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Christmas Box Tradition

Traditionally, 26 December was the day to open the Christmas Box to share the contents with the poor. The Christmas box was a wooden or clay container where people placed gifts. Christmas Boxes were used in different ways:

To protect ships
During the Age of Exploration, when great sailing ships were setting off to discover new land, Christmas Boxes were used as a good luck device. It was a small container placed (by a priest and those who wanted to ensure the ship safety) on each ship while it was still in port. When the ship came home safely, the box was handed over to the priest who would keep the box sealed until Christmas when he would open it to share the contents with the poor.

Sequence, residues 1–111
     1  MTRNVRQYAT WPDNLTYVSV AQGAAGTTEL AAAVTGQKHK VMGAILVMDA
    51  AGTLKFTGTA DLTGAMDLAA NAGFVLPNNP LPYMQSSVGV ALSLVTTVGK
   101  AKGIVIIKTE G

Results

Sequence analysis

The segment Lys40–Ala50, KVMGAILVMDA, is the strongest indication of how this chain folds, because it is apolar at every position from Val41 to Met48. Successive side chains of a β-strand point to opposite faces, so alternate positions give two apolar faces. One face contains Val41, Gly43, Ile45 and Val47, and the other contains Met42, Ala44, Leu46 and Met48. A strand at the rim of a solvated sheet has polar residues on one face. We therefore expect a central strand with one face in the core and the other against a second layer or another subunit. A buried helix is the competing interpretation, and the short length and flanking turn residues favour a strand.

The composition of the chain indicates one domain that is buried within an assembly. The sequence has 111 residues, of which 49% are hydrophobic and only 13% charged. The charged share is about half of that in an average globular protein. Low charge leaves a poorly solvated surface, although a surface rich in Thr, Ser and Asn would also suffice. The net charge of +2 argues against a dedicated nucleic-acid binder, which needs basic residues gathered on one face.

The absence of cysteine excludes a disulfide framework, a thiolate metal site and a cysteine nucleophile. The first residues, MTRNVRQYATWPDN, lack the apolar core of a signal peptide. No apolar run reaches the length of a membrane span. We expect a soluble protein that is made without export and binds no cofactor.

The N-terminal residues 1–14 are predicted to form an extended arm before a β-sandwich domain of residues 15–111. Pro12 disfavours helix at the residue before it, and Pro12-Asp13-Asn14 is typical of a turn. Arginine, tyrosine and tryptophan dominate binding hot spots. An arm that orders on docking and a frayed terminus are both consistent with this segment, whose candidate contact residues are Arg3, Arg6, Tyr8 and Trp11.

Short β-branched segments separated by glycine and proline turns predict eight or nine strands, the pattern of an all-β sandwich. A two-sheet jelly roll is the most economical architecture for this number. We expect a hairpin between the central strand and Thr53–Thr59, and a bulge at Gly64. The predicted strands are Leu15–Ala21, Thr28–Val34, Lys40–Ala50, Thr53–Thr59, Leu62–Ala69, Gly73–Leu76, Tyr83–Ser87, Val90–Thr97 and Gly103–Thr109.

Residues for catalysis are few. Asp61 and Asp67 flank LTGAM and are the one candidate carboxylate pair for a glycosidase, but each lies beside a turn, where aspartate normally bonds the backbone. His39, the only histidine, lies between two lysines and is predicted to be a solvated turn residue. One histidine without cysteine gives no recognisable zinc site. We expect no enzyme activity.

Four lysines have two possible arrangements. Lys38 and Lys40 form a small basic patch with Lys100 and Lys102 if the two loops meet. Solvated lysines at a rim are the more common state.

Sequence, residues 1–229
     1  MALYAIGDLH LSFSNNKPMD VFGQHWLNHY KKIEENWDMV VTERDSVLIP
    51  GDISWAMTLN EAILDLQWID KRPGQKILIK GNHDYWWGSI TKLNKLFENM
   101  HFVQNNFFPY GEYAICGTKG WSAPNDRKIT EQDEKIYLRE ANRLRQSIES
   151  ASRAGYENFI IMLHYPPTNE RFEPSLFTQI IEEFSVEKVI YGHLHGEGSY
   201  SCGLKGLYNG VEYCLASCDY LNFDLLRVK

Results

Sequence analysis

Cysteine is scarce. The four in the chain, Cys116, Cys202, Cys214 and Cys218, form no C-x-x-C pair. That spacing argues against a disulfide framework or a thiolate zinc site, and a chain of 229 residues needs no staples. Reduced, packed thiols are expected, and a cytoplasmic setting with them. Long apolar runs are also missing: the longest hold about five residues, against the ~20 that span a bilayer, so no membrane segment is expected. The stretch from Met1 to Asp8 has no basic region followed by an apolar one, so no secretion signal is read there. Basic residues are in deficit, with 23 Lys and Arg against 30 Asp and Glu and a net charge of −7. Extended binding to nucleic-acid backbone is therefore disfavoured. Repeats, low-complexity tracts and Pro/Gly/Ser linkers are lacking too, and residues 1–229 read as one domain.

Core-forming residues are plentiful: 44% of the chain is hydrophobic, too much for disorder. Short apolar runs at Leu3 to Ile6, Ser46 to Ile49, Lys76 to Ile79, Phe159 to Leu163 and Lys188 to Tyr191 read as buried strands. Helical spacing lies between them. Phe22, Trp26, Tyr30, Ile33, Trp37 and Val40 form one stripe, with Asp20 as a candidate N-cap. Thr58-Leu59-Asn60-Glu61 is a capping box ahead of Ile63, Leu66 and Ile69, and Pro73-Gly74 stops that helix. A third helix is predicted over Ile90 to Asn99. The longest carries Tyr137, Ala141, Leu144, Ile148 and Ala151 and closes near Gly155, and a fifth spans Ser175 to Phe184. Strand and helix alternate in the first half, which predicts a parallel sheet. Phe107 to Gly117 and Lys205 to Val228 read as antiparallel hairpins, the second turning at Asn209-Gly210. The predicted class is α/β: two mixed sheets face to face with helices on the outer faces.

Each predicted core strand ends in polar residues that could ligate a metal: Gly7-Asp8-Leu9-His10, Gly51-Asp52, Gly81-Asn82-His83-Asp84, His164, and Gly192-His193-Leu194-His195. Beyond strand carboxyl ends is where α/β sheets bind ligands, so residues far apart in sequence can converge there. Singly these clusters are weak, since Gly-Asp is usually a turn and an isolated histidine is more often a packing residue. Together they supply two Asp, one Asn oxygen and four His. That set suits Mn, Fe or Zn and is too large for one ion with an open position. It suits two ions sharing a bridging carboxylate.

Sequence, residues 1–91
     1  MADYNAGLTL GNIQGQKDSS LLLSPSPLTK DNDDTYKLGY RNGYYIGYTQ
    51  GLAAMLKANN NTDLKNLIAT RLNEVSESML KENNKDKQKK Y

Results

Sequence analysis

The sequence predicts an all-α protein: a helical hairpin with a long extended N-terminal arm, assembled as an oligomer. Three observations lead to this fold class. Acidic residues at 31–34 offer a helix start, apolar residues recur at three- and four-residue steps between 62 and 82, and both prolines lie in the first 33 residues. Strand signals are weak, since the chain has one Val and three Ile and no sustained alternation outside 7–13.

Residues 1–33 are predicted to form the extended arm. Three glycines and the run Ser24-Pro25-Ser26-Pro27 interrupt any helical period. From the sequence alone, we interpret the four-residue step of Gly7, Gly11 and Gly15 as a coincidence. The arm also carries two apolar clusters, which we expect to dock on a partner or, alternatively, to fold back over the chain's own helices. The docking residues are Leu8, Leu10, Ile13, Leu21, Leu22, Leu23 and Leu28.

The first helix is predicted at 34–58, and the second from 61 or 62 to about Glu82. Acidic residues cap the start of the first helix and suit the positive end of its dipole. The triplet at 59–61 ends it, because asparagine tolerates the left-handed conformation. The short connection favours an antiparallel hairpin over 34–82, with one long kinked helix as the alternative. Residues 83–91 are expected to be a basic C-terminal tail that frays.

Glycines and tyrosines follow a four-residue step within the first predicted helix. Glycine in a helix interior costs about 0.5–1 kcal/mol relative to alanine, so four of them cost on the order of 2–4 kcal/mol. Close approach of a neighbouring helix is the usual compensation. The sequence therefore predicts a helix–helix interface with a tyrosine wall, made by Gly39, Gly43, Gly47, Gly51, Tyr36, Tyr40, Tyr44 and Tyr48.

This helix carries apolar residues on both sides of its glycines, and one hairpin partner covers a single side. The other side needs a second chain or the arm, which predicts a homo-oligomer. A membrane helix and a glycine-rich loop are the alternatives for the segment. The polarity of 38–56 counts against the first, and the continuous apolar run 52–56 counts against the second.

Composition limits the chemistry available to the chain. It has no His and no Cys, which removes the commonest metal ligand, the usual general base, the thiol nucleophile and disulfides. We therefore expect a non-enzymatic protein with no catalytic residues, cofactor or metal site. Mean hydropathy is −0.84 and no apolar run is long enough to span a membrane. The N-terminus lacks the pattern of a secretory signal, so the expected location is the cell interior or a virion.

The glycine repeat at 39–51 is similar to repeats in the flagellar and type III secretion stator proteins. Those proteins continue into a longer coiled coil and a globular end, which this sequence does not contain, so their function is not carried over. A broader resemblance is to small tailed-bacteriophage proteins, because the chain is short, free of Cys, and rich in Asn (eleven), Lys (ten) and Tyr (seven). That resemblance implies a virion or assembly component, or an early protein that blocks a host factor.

To help the poor
An ‘Alms Box’ was placed in every church on Christmas Day, into which worshippers placed a gift for the poor of the parish. These boxes were always opened the day after Christmas, which is why that day became know as Boxing Day.

A present for the workers
Many poorly paid workers were required to work on Christmas Day and took the following day off to visit their families and, before doing so, their employers would present them with Christmas boxes.

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